Young Adult Women More Open To Sharing Anxiety Related Issues

ZIMBABWE Obsessive-Compulsive Disorder (OCD) Trust founder Angelica Mkorongo says young adult women suffering from OCD are more forthcoming when seeking support than men.

By HealthTimes Reporter

Zimbabwe OCD Trust is an organization providing awareness and support while destigmatizing this disease and other mental health disorders.

Mrs Mkorongo in an interview last week said it was encouraging to see these young women taking charge of their lives, seeking help before the condition gets worse.

“I’m finding that more women are coming forward than men.  Men usually find it harder to admit they have problems, especially mental problems. They think that it is a sign of weakness. Our culture also does not make it easy. There is just too much stigma associated with mental disorders.   Interestingly enough, the majority of people coming forward are young adults in their 20s.  They have a whole life ahead of them.  People suffering from OCD can stop functioning, they lose focus, low self-esteem, no confidence what so ever. That is when they start developing challenges like depression, anxiety, drug and alcohol abuse, and suicidal thoughts. I’m impressed with these young ladies because they talk openly about their challenges,” she said.

She noted that a few men are coming as well. “The men coming forward are just a few but its progress.  One of the issues is Homosexual Obsessive Compulsive Disorder (HOCD)  which is marked by excessive fear of becoming or being homosexual. The subjects often experience intrusive, unwanted mental images of homosexual behaviour. The excessive uncontrolled thoughts/doubts are very distressing and lead to compulsions in the form of checking.

Pedophilia OCD, or POCD, is a subset of OCD in which a sufferer has unwanted harmful or sexual thoughts about children. This subtype often results in panic, anguish, shame, and depression. People living with POCD have no desire to harm a child, yet they’re tormented by thoughts of doing so.The best cure for this is to acknowledge one has a problem. Seek help, a Psychiatrist or mental hospital and also a support group where people can freely talk without being judged.  The support group is about how to manage these thoughts,” said the ZOCDT founder.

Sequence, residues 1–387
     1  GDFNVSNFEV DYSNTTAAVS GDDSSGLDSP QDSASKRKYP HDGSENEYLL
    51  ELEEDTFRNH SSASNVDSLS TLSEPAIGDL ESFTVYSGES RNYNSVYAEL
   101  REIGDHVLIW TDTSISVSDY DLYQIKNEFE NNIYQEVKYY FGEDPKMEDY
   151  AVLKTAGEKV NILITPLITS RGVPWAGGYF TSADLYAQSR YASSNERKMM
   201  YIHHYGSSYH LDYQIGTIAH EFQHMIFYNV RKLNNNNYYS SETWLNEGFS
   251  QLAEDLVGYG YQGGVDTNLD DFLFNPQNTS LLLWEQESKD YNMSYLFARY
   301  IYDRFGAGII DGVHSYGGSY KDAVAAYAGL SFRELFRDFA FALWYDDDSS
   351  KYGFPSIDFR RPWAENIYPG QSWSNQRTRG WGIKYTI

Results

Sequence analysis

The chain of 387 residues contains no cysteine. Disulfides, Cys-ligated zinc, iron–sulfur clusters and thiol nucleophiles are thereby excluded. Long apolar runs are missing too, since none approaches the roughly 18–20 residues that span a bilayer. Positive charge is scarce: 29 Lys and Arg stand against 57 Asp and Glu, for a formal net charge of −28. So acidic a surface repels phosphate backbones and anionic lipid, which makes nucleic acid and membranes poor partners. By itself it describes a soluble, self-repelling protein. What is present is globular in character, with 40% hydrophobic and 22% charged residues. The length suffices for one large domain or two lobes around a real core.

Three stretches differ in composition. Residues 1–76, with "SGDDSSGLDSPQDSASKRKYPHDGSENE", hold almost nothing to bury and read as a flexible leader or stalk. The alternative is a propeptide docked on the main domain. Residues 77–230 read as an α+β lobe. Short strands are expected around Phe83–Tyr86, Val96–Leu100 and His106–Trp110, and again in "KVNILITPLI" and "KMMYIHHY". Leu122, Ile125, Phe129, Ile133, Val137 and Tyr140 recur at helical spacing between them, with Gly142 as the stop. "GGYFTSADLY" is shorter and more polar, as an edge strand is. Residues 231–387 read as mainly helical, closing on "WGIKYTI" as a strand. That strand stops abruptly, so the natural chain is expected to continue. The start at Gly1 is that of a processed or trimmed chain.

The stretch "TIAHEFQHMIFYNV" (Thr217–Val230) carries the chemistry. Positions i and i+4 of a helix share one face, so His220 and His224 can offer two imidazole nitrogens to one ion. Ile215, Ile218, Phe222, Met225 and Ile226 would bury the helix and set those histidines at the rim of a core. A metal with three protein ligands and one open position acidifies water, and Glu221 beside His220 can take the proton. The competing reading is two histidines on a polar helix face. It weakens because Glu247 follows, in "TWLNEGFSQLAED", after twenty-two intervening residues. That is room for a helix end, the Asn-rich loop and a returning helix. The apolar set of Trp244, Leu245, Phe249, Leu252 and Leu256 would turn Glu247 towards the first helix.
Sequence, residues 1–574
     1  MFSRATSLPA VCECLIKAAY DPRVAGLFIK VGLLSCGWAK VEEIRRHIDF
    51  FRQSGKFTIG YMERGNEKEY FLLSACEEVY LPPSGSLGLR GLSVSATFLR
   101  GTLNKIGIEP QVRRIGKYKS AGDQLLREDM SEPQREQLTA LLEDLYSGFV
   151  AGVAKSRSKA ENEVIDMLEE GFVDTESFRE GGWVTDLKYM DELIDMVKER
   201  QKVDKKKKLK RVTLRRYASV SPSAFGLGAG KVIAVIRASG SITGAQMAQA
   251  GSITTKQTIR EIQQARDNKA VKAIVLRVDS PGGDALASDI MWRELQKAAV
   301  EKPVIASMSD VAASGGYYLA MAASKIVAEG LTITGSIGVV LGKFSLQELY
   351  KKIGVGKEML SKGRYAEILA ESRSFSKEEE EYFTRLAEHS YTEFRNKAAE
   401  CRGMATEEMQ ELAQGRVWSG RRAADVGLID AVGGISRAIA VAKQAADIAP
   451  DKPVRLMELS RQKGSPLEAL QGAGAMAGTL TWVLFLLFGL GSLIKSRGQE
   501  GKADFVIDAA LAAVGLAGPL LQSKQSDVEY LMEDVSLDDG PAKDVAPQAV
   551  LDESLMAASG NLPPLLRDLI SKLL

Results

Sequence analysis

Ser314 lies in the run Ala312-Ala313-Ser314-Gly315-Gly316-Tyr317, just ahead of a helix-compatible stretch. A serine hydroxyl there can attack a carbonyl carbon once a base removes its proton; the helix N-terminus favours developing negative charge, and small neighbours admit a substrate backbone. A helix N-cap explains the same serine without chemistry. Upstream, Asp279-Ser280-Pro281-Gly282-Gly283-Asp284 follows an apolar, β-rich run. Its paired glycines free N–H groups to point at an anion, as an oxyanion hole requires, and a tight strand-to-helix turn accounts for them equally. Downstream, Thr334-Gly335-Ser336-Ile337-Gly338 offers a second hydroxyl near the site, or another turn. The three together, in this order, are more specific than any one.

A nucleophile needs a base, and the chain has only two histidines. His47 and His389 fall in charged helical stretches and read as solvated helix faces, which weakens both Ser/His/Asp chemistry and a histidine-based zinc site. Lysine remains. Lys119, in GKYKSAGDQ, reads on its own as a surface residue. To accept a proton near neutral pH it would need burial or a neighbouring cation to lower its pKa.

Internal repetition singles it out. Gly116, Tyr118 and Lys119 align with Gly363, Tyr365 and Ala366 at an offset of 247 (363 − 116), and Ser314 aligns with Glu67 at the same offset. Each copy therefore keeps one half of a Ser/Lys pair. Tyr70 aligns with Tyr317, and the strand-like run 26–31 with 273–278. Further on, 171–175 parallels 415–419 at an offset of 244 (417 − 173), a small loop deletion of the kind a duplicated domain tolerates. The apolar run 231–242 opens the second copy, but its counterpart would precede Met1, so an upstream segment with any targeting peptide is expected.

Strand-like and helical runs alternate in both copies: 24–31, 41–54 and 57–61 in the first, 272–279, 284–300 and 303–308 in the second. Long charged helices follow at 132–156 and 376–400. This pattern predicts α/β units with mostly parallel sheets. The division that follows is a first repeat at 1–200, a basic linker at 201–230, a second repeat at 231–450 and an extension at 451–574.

With the International Women’s Day commemorated yesterday, Mrs Mkorongo urged women to be vigilant and take action .“On this women’s day, I just want to encourage women that we should not wait for the government to do things for us. When I discovered I suffered from this disorder for more than 30 years without knowing what it was, I started blaming everyone, friends, family, the church, God, Government because I felt that I was let down. How come I  didn’t know about this mental problem. Then I realized that playing the blame game will only make me bitter. The best thing for me is to educate those suffering so that they know they are not alone. I needed to let all the people of suffering from OCD to know that they were not bewitched or they have no evil spirits and that they are not alone.

“In the home, its women who first notice if the behavior in a child has changed or is different. These days where alcohol abuse is rife, they can quickly see the change in a child’s behavior. Be quick to do something about it. Let’s not wait until things have really gone bad. Obsessive-compulsive disorder is a chemical imbalance in the brain. We do not have enough of a neurotransmitter substance called Serotonin. Why should we be ashamed to talk about it? If you think of it, if a  leg has a problem, and one can go to the doctor and get treated, people with bad eyesight get treated.  Why shouldn’t the brain get sick.

“There is nothing embarrassing about mental disorders nothing to be ashamed of. We should not delay getting help for someone showing signs of a mental challenge. The longer we take the more difficult it will be to convince him/her. And if untreated, one can go deep into depression, they will refuse help and it can be hell living with some of these mental issues. I’m urging women to help each other, talk about issues affecting us as women, as mothers, as leaders. she said. “

I would like to acknowledge these supportive ladies, who have cheered me on and still are, Hope Makwara, Mecrina Mparidzi, Gloria Chimuka, Dr Ruvimbo Manyonga-Matingo, and Pauline Kamangira. We rise by helping others. Mental Health is just as important as physical health.LETS TALK ABOUT IT”

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